About a month ago our local brewer, Chas Wright, was outraged to find a local pub serving "Cobbold's Cotswold's PA". Being an erudite fellow, he was irritated by the redundant apostrophe, and positively incensed by a claim that the pale ale had been "brewed specially" for a wholesaler in Cheltenham.
This, he suspected, was rubbish, for Tolly Cobbold of Ipswich is a large brewery, and he estimates that the smallest quantity of beer it would turn out in any one brew would be about 150 barrels. After some liquid research he concluded that the alleged Cotswold pale ale was nothing but Cobbold's "cooking bitter with a different label".
This, he decided, was "a bit bloody rich. Ipswich is 200 miles away. They can't spell effing Cotswolds. They're not a Cotswold brewery - and there are only three authentic Cotswold breweries left: Donnington, Hook Norton, and ourselves here in Uley."
He therefore complained to the Trading Standards Office in Gloucester, and as a result Tolly Cobbold's changed their labels to make it clear that the brew emanated from Ipswich.
Still Chas was not happy, and when a local newspaper picked up the story, he told the reporter - only half in jest - that he was preparing a riposte. Well aware that the highest points in Suffolk, to the south west of Bury St Edmunds, are all of 400ft above sea level, he threatened to call his secret weapon Suffolk Mountain Ale.
The next thing he knew, a report in the Gloucestershire Citizen had been reproduced in the East Anglian Daily Times, and suddenly publicans were telephoning from the depths of Suffolk to order supplies of the new elixir. Never one to miss an opening, Chas had Suffolk Mountain Ale labels printed, slapped them on to barrels of his regular Hogshead Cotswolds pale ale, and dispatched them via a wholesaler in an easterly direction.
Little did he realise that the King's Arms in the village of Bildeston is the base of the Suffolk Mountain Rescue team. He soon learnt that "members of the team don't do much climbing, but by God, do they drink!"
Described by the landlord, Ian Softley, as "a bit of a daft pub", the rambling 15th-century coaching inn has high ceilings and massive beams; whenever the spirit takes them, the mountain rescuers bring along a large climbing net, hang it from the beams, and amuse themselves, between pints, by going up the wall.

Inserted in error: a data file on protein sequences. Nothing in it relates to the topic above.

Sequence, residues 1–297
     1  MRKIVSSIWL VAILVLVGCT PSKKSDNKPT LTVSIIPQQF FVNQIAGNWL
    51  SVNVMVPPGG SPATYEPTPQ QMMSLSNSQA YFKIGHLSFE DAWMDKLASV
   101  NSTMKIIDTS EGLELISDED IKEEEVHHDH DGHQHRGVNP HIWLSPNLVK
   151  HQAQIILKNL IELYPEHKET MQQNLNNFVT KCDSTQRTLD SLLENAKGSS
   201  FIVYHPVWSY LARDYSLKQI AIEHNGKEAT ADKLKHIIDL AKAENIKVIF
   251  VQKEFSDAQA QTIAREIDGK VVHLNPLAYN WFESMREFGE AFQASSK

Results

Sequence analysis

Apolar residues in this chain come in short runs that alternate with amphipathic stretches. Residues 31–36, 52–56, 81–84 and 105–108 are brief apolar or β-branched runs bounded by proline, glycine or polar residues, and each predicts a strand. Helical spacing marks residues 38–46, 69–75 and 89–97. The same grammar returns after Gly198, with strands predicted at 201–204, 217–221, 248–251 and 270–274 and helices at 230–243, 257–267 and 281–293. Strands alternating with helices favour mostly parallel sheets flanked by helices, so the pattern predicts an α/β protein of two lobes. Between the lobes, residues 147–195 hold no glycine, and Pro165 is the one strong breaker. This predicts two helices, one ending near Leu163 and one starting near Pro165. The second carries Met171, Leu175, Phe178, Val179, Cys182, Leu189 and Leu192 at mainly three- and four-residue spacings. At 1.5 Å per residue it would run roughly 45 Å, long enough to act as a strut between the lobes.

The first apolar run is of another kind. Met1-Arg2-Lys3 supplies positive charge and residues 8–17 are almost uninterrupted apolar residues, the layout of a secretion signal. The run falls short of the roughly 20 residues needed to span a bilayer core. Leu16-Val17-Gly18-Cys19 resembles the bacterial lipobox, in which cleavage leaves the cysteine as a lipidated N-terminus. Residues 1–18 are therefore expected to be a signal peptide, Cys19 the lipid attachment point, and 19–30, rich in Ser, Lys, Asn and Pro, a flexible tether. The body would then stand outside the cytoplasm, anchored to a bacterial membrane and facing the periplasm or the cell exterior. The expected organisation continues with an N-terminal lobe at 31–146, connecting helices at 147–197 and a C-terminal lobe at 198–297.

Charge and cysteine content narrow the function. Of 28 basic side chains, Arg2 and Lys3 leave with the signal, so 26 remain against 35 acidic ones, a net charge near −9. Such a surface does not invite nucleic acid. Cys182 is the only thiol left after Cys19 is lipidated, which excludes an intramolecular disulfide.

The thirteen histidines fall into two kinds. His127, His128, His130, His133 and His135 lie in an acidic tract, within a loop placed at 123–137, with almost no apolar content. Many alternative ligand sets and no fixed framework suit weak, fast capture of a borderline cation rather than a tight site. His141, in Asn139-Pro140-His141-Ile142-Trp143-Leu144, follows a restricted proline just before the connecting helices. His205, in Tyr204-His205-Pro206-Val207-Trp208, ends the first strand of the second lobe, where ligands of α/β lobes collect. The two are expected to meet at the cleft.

They rarely suffer oxygen starvation, since they cannot achieve any altitude greater than 12tt above the floor; but in a part of the country where people are glad to find a hillock, that seems high enough.
Now, of course, Chas is planning "a few guest appearances" in Suffolk, and in particular a visit to Bildeston. All I can say is that they had better arrange good anchor-points for the net, because he turns the scales at 18 stone.
No doubt he will find himself much at home, for Mr Softley and two colleagues recently started their own small brewery, and the staple beers at the King's Arms are their Brettvale Best Bitter and Brettvale First Gold.
All this long-range skirmishing is the result of one gloomy development: the decision taken by Whitbreads to stop producing West Country pale ale in their brewery at Cheltenham. For generations this lightweight bitter was the only draught beer generally available in the region, and its demise earlier this year was what led Tolly Cobbold to discern an opening in the west.
In a curious way history is repeating itself; for in the Seventies Chas distributed Theakston's Yorkshire beers in Gloucestershire, and his drinking partner Ric Sainty, now landlord of the Old Spot in Dursley, caused a stir in the Cotswolds by importing Greene King and Adnams ales from Suffolk - under their own names, of course.
Now the Old Spot has just won the Camra award for the best pub in Gloucestershire - so who is to say that Ric doesn't know what he is doing, or that the cross-country movement of specialist ales does not increase the jollity of nations?Reuse content